Language skills as a survival trait

In general, there is still a lack of awareness of the importance of translators, even though a lot of things have changed for the better. Many who work in this professional field live precariously and have to boost their income through various different activities. Although it was produced under extreme conditions, the work of translators in exile also illustrates the general aspects of translation, which depends on political, economic and social conditions and has an impact on the most diverse fields. In exile, translators were particularly in demand, be it in broadcasting, in science, in the secret service or when it came to working with authorities. Some only began work as translators in exile, thus reaping the fruit of their language skills. Others, on the other hand, began their translation work after their exile. The journey into exile itself requires all kinds of translation activities, beginning with the translation of the documents needed upon arrival in the country of exile or during the various stages of exile, such as the internment camps, where many emigrants landed at the outbreak of WWII. “Exile really equates with translation, acting as a translator or being translated, acting as an interpreter and being interpreted,” notes Schippel.

Exile Publishers in Switzerland and the Soviet Union

According to Schippel, literary translators (who worked into German) found it particularly challenging to gain a toehold in the country of exile. “For them it required switching languages and good local networking.” There were only limited possibilities to do this through exile publishers. Literary translators had it easier in countries where there were significant German-speaking minorities that had their own publishing system and structure, such as in the Soviet Union. There, literary translation into German existed on a notable scale. Refugees were also able to become established in Switzerland and at the exile publishing houses there. Lucy von Jacobi was a case in point: she worked in Switzerland as a translator into German, first from French and later also from English, despite her precarious lack of a work permit or residence permit.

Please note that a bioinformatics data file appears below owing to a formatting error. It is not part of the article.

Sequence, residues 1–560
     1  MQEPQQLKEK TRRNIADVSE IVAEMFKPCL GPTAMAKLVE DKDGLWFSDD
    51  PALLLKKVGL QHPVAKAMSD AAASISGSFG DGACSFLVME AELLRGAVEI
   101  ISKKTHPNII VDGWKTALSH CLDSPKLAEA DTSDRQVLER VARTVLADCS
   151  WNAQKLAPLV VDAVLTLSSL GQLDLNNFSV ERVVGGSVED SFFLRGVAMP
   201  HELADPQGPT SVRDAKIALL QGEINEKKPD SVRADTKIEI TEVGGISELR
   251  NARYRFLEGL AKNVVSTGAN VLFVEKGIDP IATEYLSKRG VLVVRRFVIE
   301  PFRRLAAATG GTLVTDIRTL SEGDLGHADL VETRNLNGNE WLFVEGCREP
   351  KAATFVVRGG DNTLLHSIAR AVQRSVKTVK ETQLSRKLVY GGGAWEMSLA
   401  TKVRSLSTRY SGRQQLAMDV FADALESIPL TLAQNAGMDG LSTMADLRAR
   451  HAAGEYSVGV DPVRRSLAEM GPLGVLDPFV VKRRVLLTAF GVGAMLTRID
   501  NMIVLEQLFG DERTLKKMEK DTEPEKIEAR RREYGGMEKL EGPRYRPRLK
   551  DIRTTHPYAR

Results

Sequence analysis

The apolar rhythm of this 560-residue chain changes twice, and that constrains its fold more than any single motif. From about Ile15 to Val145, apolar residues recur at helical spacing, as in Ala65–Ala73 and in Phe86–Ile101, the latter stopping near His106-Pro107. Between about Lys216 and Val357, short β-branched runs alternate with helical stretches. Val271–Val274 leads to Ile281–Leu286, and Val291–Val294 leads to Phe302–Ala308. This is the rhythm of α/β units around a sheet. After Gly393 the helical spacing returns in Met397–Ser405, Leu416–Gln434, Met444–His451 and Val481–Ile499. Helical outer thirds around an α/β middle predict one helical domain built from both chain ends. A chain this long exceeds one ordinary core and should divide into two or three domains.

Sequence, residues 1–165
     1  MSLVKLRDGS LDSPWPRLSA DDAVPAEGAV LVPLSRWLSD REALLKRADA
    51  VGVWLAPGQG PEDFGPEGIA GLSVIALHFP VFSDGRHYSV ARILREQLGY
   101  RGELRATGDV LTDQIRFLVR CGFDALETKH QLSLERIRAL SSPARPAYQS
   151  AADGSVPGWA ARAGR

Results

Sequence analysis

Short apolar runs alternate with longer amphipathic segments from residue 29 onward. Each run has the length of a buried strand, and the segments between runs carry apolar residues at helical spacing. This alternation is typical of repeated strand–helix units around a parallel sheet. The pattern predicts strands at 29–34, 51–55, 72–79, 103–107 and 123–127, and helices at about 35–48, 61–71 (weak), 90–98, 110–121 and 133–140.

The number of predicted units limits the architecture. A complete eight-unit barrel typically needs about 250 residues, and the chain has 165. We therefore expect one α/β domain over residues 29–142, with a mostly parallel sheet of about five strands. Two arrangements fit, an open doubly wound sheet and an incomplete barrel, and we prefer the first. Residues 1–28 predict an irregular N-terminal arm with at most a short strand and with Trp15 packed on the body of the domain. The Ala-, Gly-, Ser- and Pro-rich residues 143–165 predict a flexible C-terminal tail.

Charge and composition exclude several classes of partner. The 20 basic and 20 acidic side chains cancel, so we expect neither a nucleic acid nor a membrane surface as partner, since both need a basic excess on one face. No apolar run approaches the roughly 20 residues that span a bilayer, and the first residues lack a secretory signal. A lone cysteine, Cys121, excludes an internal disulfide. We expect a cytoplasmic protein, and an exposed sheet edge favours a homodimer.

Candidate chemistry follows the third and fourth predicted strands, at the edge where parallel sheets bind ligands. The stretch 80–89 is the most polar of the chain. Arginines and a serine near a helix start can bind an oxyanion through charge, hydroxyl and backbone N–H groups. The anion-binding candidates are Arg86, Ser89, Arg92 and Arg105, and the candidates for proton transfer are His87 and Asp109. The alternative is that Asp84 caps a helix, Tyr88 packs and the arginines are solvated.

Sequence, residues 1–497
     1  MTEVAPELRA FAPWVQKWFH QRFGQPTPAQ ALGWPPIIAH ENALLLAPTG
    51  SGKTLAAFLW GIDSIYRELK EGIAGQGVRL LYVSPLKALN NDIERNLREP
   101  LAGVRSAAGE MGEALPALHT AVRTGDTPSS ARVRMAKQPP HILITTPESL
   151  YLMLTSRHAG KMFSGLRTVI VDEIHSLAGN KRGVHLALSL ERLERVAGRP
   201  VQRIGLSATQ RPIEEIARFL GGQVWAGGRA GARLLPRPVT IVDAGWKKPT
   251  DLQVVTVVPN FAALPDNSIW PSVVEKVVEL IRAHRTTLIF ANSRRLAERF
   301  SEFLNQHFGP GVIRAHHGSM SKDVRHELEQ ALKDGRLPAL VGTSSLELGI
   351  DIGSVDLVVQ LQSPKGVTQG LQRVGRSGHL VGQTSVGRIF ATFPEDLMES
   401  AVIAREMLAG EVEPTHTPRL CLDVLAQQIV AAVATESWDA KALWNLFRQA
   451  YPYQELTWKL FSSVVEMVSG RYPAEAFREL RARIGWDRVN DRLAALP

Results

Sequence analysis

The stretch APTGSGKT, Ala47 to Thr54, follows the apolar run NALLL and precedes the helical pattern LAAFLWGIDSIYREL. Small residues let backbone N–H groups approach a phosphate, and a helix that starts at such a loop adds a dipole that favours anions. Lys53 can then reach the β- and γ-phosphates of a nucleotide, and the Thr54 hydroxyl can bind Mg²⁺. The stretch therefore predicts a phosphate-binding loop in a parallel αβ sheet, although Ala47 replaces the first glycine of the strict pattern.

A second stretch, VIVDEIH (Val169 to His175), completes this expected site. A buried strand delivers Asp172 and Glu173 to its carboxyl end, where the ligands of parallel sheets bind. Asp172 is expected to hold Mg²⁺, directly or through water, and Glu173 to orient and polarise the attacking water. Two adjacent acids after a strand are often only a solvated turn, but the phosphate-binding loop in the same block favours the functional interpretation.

Closing research gaps

Interdisciplinary exile research as well as individual works about the history of science have already provided good groundwork. The Exil:Trans project has now made a significant contribution to having translators included in this research and no longer getting only a chance mention. Since the topic is far from exhausted, the teams have already planned a follow-up project to trace the work of translators beyond the period of the Nazi dictatorship and to raise public awareness of the importance of translation.

Personal details

Larisa Schippel is a translation scholar, linguist and translator. She completed translation studies for Russian and Romanian in Germany and conducted research at Humboldt University. Meanwhile a professor emeritus, Schippel held a chair of transcultural communication at the Center for Translation Studies at the University of Vienna starting in 2010. The D-A-CH research project “Exil:Trans - Life and work of translators in exile” (2019–2023) received EUR 387,000 in co-funding from the Austrian Science Fund FWF.


Tashinskiy A., Boguna J., Rozmysłowicz T. (ed.): Translation und Exil (1933–1945): Namen und Orte. Recherchen zur Geschichte des Übersetzens, Bd. I, Frank & Timme 2022

Dietiker P., Rougemont M., Weber-Henking I. (ed.): Translation und Exil (1933–1945) II. Netzwerke des Exils. (in print, Frank & Timme)

Kremmel St., Richter J., Schippel L., unter Mitarbeit von Tomasz Rozmysłowicz (ed.): Österreichische Übersetzerinnen und Übersetzer im Exil. Vienna: nap 2020